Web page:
Plant Pathologist, USDA-ARS National Forage Seed Production Research Center, Corvallis, OR 97331
Associate Professor, Department of Botany and Plant Pathology, Oregon State University
Extension Agronomist, Central Oregon Agricultural Research Center, Madras 97741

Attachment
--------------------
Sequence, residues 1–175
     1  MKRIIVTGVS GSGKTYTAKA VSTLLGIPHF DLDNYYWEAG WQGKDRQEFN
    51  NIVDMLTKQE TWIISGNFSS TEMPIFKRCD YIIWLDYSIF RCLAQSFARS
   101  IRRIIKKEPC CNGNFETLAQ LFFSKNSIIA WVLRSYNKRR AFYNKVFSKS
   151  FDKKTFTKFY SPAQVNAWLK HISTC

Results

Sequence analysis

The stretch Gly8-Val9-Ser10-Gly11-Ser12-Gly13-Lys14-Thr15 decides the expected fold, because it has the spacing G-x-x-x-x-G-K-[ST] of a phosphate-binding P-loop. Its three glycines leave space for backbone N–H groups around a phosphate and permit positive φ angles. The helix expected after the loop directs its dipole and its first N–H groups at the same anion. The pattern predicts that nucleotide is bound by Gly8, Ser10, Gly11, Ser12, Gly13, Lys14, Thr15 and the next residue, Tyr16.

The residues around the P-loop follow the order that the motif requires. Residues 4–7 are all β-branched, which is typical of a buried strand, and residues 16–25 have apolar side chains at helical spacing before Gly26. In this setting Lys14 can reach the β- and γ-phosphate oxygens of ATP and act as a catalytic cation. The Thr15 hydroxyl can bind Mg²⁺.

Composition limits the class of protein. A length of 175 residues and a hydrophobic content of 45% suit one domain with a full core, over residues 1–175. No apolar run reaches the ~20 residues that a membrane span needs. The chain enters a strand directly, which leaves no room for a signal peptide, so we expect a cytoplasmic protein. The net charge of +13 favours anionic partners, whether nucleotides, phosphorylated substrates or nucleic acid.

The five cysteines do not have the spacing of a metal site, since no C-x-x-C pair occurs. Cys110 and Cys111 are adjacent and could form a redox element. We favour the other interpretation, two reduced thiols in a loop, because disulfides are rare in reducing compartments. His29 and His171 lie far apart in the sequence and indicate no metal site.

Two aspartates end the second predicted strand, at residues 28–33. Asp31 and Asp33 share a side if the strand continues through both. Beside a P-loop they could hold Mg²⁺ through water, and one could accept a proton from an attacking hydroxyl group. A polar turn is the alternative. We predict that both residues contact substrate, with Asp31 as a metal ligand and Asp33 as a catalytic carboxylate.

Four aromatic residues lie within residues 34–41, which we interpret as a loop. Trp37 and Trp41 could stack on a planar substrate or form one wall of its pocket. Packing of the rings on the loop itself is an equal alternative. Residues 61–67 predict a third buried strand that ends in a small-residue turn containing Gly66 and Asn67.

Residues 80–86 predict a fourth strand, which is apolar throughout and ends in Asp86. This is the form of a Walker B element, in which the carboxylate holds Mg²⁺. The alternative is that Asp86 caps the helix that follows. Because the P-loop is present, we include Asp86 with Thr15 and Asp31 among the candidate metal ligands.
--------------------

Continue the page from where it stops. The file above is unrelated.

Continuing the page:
In 1991 to 1993, ergot was detected in 36, 44, and 62%, respectively, of fields of Kentucky bluegrass grown for seed in central Oregon. Relatively few fields (2 to 13%) had a high (more than 20 sclerotia/gm seed) level of ergot. Ergot severity (percent sclerotia by weight) in 1991 to 1993 was estimated at 0.85, 0.07, and 0.34%, respectively. Percent seed replaced by ergot in 1991 to 1993 was estimated at 0.22, 0.02, and 0.08, respectively. Recleaning of seed to reduce ergot contamination and to meet purity standards resulted in a 7.8% reduction in marketable seed weight. Estimated value of seed replaced by ergot in 1991, 1992, and 1993, was $75,625, $4,758, and $17,076, respectively. Estimated value of seed lost during recleaning in 1991, 1992, and 1993, was $37,669, $8,171, and $21,964, respectively. Weed grasses supporting ergot at the time of harvest of Kentucky bluegrass were species of Bromus, Secale, Festuca, and Poa. However, very few seed heads of weed grasses were infected, and they appeared to contribute little to ergot development in central Oregon. Most infested fields (with more than one sclerotium/gm seed prior to recleaning) or weed grass sites with ergot were located in the southern range of the area of study.